Businessmen from the Chinese city of Harbin are planning to sue the state-owned chemical company blamed for poisoning the water supply.
Businessmen say the river will remain polluted
Water to the city was cut off last month after an explosion at the plant allowed 100 tonnes of benzene to spill into the Songhua river.
The businessmen's lawyer told the BBC pollution would be a long-term problem.
Hu Fengbin said the group wanted the firm to clean the river and to compensate them for loss of business.
"This pollution will not go away with the flow of the water because the chemical will be deposited on the river bed," Mr Hu told the BBC.
"The chemical won't disappear for several years. The chemical won't easily be broken down so the damage will be long-term.
"The compensation is not the most important thing. The most important thing is that from now on the water we drink is clean water. Whatever you provide - money or other resources - you must make the water clean."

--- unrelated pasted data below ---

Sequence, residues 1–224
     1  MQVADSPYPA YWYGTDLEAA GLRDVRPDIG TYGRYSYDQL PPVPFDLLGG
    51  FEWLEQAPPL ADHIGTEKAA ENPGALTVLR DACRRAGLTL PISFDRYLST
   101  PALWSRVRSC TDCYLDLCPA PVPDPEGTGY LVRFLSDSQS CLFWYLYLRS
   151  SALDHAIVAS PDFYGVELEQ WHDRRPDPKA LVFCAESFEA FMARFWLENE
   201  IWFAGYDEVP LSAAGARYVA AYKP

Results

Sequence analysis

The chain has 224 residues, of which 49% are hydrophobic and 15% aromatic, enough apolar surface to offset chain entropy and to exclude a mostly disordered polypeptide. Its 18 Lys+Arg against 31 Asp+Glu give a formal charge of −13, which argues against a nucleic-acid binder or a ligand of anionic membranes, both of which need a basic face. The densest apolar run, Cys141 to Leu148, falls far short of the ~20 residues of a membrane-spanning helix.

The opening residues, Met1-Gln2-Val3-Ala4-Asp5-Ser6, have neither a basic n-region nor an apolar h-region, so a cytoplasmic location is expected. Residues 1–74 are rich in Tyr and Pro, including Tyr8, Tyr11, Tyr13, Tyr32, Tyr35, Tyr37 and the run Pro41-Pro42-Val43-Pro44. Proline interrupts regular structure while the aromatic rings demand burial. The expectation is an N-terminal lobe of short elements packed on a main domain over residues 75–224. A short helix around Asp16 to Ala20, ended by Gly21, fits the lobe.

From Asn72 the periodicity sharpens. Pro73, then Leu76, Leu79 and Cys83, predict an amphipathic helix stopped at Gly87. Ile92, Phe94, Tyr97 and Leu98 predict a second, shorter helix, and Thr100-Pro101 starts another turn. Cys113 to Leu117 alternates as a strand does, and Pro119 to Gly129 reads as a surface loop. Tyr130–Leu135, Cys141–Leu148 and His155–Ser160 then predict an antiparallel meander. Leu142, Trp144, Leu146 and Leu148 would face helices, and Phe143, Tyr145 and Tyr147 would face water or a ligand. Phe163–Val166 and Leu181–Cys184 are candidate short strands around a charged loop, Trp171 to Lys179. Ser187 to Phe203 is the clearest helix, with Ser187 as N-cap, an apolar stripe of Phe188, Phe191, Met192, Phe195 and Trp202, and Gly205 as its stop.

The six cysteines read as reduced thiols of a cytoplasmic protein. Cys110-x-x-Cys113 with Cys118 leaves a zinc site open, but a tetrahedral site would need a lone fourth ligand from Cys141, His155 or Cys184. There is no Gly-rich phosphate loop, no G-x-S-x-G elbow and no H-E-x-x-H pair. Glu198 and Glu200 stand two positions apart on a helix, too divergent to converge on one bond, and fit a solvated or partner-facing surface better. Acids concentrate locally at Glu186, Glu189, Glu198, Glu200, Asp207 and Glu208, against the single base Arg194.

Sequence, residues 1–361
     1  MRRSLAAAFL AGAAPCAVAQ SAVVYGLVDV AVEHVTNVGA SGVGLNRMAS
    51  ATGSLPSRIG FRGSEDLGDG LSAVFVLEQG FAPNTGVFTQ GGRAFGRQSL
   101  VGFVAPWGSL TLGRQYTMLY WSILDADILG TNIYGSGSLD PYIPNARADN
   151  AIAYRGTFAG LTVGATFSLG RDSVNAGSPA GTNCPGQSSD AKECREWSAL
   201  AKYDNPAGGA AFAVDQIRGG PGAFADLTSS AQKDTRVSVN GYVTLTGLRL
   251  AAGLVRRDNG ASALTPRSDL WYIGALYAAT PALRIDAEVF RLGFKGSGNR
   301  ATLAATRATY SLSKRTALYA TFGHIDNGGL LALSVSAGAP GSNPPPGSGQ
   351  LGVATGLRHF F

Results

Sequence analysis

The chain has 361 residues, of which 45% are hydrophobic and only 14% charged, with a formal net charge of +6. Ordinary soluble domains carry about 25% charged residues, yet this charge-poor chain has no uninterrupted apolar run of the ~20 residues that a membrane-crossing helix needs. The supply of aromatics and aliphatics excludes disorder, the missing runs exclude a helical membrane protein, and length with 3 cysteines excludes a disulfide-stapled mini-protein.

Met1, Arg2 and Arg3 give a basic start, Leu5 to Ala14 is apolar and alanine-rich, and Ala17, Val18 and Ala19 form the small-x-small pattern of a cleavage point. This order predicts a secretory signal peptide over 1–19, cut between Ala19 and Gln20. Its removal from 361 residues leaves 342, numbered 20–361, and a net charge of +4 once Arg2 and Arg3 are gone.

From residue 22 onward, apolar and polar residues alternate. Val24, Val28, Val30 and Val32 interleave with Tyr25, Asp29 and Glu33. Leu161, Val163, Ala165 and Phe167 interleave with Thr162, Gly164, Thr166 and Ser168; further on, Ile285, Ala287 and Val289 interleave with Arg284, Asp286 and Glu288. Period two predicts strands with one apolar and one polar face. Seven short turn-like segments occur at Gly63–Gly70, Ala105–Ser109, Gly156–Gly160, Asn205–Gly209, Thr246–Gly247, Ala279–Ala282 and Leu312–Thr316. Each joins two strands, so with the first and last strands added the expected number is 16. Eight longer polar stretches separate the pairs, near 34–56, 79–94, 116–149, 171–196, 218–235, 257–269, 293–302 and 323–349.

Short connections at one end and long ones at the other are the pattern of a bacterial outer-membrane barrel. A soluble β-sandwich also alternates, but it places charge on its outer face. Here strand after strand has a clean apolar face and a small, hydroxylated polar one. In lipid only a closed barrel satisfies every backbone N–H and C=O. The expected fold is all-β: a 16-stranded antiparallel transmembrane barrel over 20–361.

The 20 business owners have filed a lawsuit against the firm, which is based up river in Jilin, where the explosion took place.
Correspondents say it is thought to be the first legal action following the spill and is unusual for China, where individuals rarely sue state-owned institutions.
There was no indication as to whether the court will allow the case to be heard.
Mr Hu said if the suit is rejected in Jilin, they will take their case to the supreme court in Beijing.
It was more than two weeks after the 13 November explosion that Harbin's water was declared safe to drink.
The contaminated water is still flowing downstream, and is expected to reach the Russian city of Khabarovsk next week.
Although the toxic spill is dissipating as it goes, Chinese authorities have offered to do whatever they can to stop major pollution in Russia, even suggesting building a temporary dam on the river.